Denver began buying park property in the foothills west of the city in the 1910s and 1920s to provide places for residents and visitors to enjoy mountain scenery and outings. Today, 22 developed parks and 24 conservation areas make up the 14,000-acre Denver Mountain Parks system, originally planned by Fredrick Law Olmsted, Jr. Much of the acreage is in Jefferson County, especially in the Evergreen area. During the summer months JustAroundHere.com will be featuring parks in the Evergreen area, encouraging you to check them out in your spare time.
Fillius Park, with nearby Bergen Park, provided early tourists a gateway to the Mount Evans region. [https://www.codot.gov/travel/scenic-byways/north-central/mount-evans]. These stopping points along the way were an important amenity, providing a scenic rest spot for travelers as well as the water their automobiles required, made available by wellhouses at each of these early parks.
Once on the main road to Evergreen, at the intersection with Soda Creek Rd., Fillius Park is now bypassed by the Evergreen Parkway. Turn north at Bergen/Evergreen Parkway intersection to access this 108-acre park. Trails are limited to the picnic area.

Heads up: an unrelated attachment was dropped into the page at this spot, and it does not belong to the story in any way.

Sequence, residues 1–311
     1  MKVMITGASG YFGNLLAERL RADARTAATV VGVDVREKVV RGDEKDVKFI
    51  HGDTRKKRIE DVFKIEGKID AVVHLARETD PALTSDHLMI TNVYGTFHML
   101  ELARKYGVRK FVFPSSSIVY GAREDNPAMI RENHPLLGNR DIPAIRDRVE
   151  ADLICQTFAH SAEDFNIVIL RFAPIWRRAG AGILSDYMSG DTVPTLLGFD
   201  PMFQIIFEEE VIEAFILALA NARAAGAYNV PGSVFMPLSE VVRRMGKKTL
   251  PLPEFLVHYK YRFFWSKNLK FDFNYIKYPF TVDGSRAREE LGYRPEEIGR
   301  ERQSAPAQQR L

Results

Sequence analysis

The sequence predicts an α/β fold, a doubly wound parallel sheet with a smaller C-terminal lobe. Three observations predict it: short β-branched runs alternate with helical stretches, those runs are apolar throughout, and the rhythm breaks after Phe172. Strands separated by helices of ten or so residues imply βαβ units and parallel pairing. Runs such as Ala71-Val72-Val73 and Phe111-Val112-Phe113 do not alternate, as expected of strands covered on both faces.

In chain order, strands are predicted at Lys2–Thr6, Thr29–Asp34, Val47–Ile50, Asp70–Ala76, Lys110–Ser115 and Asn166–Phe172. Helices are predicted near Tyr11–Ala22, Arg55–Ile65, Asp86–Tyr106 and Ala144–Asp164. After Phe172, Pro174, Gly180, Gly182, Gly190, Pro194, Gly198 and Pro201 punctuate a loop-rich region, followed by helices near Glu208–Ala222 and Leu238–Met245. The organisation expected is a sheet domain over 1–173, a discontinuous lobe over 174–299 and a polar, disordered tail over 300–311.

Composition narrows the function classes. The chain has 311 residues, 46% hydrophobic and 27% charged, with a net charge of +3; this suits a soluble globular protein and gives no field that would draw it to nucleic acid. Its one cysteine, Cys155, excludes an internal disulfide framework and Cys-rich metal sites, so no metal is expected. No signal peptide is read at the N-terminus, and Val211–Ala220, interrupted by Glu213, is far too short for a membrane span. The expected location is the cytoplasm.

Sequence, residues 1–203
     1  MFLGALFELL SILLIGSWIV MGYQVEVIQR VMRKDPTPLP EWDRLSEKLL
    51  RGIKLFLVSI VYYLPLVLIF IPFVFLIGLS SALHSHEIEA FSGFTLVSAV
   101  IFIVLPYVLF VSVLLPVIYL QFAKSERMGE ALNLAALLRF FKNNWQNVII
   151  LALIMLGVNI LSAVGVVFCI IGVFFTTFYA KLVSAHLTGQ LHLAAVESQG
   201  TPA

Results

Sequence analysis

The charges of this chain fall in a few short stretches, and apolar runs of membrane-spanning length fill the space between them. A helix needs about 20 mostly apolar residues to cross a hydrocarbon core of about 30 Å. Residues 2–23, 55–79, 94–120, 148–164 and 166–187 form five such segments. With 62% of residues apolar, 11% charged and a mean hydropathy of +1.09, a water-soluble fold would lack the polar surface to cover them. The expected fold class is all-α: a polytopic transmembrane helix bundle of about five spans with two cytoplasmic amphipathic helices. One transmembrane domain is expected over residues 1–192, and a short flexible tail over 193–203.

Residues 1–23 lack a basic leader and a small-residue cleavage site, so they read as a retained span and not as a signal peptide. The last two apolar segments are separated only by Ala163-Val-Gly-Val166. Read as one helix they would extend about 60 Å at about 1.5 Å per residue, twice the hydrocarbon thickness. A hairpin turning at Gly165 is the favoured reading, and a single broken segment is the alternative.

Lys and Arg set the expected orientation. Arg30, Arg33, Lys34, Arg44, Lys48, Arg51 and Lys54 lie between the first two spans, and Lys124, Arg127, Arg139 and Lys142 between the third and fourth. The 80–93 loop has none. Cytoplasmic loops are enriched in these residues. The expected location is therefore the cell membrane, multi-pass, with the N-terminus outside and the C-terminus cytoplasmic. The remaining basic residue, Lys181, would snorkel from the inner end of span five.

The stone picnic shelter, restored to the original Benedict design by Mountain Parks crews in 2004, captures views of the continental divide. It is available for informal use or group use by reservation. The park was named for Jacob Fillius, an early member of the Mountain Parks Advisory Commission.
West of Soda Creek Road is a former picnic area. The park road, now closed, provides a short walking trail. See park map.
For more information:
Read all about it: Denver Mountain Parks: 100 Years of the Magnificent Dream, featuring photographs by John Fielder, is available at Amazon.com. Written by Wendy Rex-Atzet, Sally L. White, and Erika R. Walker, the book contains extensive history of the system, then/now photos, and a guide to the parks. Denver Mountain Parks Foundation, 2013.
Mountain Parks Attractions, City website